Early in the first half against Lafayette, Dez Wells drove down the baseline and went up for a dramatic dunk attempt. Wells’ slam whiffed off the rim and flew out toward the 3-point line, where Nick Faust happened to be waiting. After grabbing the rebound, Faust drove down the lane and threw down an uncontested, thunderous dunk.
Charles Mitchell, pictured here against IUP, finished with 12 points and five rebounds Friday against Lafayette. (Photo by Bill Bride)
It was that kind of night for the Maryland basketball team. The Terps made mistakes, many of which were inconsequential, and put forth a largely unremarkable performance, but they were able to pull away with an 83-74 win over Lafayette on Friday night in front of 10,882 inside Comcast Center.
Simply put, the Terps (3-1) were good enough – but far from spectacular – and beat a middling Patriot League team that was outmanned, overmatched and playing without arguably its best player, 6-foot-9 forward Dan Trist.
“Everyone expects us to be great right away, or maybe they don’t. I don’t read what people think,” coach Mark Turgeon said. “But this is a process for us.”
“We’re going to have up-and-down games,” Faust added. “So we’ve just got to keep getting better.”
Five players – Faust (13), Alex Len (16), Charles Mitchell (12), James Padgett (14) and Wells (11) – finished in double-digit scoring for the Terps, who outrebounded the Leopards, 44-28, and scored 20 second-chance points and 50 points in the paint.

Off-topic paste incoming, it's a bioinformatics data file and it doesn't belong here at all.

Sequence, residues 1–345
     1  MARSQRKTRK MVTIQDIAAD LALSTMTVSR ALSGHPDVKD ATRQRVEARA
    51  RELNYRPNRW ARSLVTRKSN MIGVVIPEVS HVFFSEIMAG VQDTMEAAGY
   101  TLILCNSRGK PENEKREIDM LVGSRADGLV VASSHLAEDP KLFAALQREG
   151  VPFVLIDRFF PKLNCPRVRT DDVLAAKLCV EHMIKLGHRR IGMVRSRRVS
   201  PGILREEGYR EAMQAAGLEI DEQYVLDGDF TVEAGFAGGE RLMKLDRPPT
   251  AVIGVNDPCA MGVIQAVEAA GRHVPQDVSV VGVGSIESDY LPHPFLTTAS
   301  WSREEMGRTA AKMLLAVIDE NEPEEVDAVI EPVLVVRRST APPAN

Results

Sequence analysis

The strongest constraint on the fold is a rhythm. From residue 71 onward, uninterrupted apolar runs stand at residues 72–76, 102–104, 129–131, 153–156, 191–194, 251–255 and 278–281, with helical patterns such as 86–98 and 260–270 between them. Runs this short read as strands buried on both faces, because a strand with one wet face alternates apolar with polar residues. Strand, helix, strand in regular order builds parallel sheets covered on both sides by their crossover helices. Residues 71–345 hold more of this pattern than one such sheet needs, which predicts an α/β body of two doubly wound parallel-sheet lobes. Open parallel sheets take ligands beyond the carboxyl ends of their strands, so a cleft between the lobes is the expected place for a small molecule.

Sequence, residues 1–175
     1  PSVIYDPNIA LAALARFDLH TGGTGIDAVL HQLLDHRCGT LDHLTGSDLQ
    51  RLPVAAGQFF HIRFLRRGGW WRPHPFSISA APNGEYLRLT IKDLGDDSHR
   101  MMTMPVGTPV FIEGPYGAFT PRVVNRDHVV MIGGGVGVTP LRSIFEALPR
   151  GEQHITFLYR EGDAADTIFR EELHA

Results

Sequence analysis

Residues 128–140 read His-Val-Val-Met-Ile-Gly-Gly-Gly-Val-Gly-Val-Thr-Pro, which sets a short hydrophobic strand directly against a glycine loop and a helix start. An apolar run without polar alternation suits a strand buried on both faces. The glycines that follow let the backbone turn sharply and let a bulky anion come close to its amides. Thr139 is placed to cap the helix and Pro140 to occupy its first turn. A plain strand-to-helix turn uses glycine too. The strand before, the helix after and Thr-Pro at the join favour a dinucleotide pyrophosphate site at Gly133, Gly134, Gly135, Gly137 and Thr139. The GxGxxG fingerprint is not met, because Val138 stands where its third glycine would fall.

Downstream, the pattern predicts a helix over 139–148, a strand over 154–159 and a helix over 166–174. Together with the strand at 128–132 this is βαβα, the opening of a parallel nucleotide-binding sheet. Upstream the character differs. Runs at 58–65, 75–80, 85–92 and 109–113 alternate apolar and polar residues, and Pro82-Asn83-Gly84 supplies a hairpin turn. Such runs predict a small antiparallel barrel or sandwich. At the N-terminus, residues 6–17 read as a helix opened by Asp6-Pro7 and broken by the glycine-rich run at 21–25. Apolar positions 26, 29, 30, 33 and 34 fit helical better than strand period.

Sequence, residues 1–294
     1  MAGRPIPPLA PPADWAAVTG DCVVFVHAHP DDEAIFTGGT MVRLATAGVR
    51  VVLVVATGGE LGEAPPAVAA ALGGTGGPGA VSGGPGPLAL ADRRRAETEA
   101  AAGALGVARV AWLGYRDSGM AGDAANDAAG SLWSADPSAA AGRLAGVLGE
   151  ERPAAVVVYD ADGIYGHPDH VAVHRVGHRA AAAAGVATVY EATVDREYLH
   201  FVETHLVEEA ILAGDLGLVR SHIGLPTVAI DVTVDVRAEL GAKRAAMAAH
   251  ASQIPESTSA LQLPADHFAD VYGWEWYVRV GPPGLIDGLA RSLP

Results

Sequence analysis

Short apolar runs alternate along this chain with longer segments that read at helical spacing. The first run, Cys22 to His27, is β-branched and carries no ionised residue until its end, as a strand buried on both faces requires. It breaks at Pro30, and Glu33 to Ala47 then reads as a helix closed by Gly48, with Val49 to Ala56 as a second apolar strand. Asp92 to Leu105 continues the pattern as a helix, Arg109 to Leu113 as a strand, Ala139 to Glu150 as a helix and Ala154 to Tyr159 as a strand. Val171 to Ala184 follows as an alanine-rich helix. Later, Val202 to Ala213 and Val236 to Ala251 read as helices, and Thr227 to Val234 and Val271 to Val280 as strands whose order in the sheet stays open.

“We’re sharing the ball and we have great balance,” Turgeon said of the team’s offense. “Guys can score in a variety of ways. We’ve just got balance. We’ve got great players who are willing to share the ball and do the right thing.”
Despite allowing Lafayette (1-4) to hang around early, the Terps never trailed in the game and managed to put a sizeable, 10-point advantage between themselves and the Leopards at halftime.
But after going on a 12-5 run to start the second half, Maryland could never fully pull away from Lafayette, which went on a 8-0 run midway through the second frame before pulling within the game’s final margin of nine points.
The Leopards hung around largely in part to their 3-point shooting (15-for-32) and a lackluster defensive performance from the Terps.
“The whole team is a little disappointed because we are a defensive team,” Mitchell said. “We want to be a defensive-minded team. When we don’t go out and give it our all on defense, it’s kid of saddening because that’s where we put our hard work in.”
Maryland also struggled shooting from beyond the arc (3-for-15) and spent much of the game trading two-point baskets for 3-pointers. The Terps’ perimeter shooting woes were answered with a strong inside game and 50 points in the paint.
“As a team, we can score in a lot of ways. It’s just however we can,” Wells said. “If we’re not shooting good, we’ve got to go to basket. You’ve got to strategize and observe the game and see what’s working for you. We’re confident if we’re not making shots.”
Despite all the Terps’ miscues, in the end, they didn’t matter. Maryland walked away with its third straight win since dropping its season opener against Kentucky. After that three-point loss in Brooklyn’s Barclays Center, the Terps have beaten their opponents by a combined 48 points.
“What people don’t understand is everyday there’s something you have to get better at, especially with the freshmen we have,” Wells said. “They don’t know the college game yet. We have a long way to go. The team you see in November isn’t the team you’ll see in February. It doesn’t matter how you start off. As long as you have a solid foundation, once you get into ACC play, it’s a whole new season.”